In the 1970s divers discovered the remains of the Swedish ship, the Gribshunden but didn’t alert authorities until 2000 when they informed the Kalmar Museum and since 2001, it has been studied by scientists.
An official excavation done in 2019 discovered that the ship’s food pantry had a wooden barrel with the remains of an Atlantic sturgeon, a group of fish that were highly valued in Europe at the time and are now considered critically endangered by the International Union for Conservation of Nature’s Red List of Threatened Species.
According to thelocal.se, the Gribshunden sank in 1495 after catching fire in the Baltic Sea off the coast of Ronneby, Sweden which, at the time, belonged to Denmark.
It sits under thirty three feet of water north of Stora Ekön island. It was the flagship of King Hans of Denmark and a most imposing warship sporting a masthead of a chimera (a fire breathing monster with a lion’s head, a goat’s body, and a serpent’s tail) devouring a human head in its mouth.
In the summer of 1495, the king set sail from Denmark to Sweden with the intention of joining Sweden, Denmark and Finland together in the Nordic Union under his rule.
The King was not on board when it caught fire, but his reputation was seriously damaged when the ship sunk and many of the crew and passengers were killed along with the destruction of expensive goods and exotic animals on board.
According to thelocal.se, Dr. Brendan Foley of Lund University who led the excavations stated that the shipwreck is in remarkable condition due to the conditions of the Baltic Sea with low salinity and oxygen and a fine clay seafloor which helps to preserve organic materials such as wood.
The remains of the sturgeon found in the panty showed the bones of a complete six and one half foot fish that had been cut up for food.
Some researchers believe that it may have been part of an elaborate dinner intended to entertain and impress the Scandinavian rulers or just to show off as a status symbol. Others believe it may have been caught by chance by the ship’s sailors and preserved in brine for the King.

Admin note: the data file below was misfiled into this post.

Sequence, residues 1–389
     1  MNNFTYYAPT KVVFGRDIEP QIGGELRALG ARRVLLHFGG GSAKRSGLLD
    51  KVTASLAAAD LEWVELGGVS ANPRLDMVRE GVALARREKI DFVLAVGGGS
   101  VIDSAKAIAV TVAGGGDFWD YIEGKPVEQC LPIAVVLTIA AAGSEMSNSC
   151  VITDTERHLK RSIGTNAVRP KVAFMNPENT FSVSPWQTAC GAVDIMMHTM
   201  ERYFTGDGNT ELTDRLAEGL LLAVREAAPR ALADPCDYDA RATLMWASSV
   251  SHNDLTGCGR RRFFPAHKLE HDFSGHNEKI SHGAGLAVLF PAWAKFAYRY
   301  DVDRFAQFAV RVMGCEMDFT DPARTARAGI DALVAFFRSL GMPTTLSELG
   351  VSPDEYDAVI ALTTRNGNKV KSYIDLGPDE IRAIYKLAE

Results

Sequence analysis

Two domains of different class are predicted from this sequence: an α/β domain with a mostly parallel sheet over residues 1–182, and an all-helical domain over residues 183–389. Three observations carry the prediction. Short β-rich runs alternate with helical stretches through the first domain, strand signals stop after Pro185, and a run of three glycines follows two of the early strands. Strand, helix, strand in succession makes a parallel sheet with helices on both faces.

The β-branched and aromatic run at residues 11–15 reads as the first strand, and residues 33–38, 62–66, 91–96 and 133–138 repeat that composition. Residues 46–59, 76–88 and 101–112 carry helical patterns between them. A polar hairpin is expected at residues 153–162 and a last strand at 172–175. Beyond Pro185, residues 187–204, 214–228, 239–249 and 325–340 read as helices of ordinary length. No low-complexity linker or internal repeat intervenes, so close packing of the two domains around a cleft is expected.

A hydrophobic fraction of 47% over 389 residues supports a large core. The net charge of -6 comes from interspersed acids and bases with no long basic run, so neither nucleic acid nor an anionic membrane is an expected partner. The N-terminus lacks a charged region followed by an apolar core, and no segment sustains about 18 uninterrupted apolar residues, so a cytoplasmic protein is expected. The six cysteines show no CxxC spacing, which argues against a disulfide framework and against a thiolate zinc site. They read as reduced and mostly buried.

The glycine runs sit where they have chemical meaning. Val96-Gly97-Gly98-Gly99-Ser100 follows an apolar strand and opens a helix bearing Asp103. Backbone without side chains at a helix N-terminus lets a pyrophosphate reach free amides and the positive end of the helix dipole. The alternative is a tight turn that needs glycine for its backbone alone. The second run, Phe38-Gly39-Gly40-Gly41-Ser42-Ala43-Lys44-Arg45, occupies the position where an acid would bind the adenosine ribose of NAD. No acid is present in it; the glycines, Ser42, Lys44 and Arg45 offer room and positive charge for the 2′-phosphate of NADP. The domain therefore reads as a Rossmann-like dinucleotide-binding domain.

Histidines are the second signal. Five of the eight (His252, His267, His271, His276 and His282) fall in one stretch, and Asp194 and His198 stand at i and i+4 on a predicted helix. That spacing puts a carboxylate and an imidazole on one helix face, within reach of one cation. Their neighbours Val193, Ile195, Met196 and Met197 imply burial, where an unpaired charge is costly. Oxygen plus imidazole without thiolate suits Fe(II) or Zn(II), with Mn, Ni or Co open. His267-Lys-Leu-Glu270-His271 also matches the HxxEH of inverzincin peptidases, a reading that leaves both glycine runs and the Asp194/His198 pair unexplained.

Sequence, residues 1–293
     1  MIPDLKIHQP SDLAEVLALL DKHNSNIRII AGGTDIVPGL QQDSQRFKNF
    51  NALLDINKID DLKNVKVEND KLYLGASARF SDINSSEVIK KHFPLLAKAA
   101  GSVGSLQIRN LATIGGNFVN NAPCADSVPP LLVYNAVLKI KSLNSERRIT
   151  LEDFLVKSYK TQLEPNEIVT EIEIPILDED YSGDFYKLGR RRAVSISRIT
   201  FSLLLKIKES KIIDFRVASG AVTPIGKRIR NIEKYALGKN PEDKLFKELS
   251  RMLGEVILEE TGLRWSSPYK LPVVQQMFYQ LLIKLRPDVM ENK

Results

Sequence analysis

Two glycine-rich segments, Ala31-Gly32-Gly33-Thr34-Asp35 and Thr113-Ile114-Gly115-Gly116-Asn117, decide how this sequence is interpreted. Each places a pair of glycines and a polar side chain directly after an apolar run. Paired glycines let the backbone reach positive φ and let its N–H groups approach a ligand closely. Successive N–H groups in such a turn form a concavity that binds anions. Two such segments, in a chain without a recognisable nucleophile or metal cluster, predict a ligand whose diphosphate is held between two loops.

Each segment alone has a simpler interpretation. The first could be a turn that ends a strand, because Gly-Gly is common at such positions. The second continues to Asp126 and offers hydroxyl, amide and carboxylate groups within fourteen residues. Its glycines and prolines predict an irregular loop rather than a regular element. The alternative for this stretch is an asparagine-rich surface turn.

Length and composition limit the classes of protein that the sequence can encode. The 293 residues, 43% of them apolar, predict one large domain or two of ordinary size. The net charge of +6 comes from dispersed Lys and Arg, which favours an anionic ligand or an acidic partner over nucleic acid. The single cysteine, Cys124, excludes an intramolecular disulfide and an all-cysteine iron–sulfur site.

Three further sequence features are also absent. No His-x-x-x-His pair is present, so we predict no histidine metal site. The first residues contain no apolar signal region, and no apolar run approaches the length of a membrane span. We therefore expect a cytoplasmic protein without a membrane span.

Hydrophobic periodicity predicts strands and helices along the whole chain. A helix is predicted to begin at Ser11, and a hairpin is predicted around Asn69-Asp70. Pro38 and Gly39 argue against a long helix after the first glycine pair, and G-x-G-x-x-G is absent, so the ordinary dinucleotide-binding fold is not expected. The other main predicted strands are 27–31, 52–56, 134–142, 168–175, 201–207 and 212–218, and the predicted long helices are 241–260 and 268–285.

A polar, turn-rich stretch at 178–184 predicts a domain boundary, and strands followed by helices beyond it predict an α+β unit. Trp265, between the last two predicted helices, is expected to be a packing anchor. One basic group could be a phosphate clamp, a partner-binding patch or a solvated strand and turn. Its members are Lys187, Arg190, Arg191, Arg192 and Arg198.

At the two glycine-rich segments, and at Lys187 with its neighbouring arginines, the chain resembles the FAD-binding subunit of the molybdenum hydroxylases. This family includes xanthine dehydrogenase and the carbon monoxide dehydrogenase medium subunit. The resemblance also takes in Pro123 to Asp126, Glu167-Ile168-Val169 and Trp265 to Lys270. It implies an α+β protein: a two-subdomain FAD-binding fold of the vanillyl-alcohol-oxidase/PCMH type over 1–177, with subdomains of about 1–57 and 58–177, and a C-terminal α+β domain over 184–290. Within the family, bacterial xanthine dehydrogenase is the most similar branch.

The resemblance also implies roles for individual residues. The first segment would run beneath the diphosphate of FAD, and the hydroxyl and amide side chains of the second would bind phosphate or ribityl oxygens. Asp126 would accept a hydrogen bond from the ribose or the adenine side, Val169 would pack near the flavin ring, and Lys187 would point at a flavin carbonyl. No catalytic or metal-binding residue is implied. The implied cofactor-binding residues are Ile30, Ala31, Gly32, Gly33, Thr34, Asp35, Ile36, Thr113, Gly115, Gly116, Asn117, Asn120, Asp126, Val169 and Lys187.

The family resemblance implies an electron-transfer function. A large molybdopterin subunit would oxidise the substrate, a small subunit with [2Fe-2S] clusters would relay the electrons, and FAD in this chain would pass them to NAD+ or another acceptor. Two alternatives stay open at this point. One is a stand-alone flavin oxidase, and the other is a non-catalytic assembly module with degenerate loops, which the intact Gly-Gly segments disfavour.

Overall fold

The research paper of the team found on sciencedirect.com tells us that most of the bones are the scutes which are bony plates along the sides and top of the body along with about thirty skull fragments and shows the presence of only one fish.
Along with the bones of an amphibian which may have been the sturgeon’s last meal. Archeological remains of sturgeon have been found from as far back as the Viking Age (550 to about 1050 AD) but are relatively rare.
Sturgeon fish have been around for over two hundred million years. They are slow to mature but are quite long lived. They are born in freshwater but migrate to marine waters as adults to feed on invertebrates and small fish near coastlines.
When they are ready to reproduce, they make their way back to freshwater. Since the latter half of the twentieth century they were considered extinct from the Baltic Sea.
This was because of river damming, overfishing, pollution, change of temperature in the sea and destruction of their natural habitats. Zoologists are presently trying to reintroduce the fish to the Baltic.
Sturgeons are prized for their meat and eggs which are called caviar. Many are found along the eastern coast of the United States from Canada to Florida and migrate back to rivers moving into the Gulf of Maine.
Also into Chesapeake Bay, the New York Bight, the Chesapeake Bay, the Carolinas and South Atlantic coast as well as up the James and York rivers to spawn every two to six years but only those who are over five years old in warm waters and thirty five years old in cooler locations.
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They are bottom feeders and have no teeth but use barbels, similar to the whiskers of a catfish, to find food. Most of the ship has yet to be excavated and hopefully will deliver more exciting finds in the future.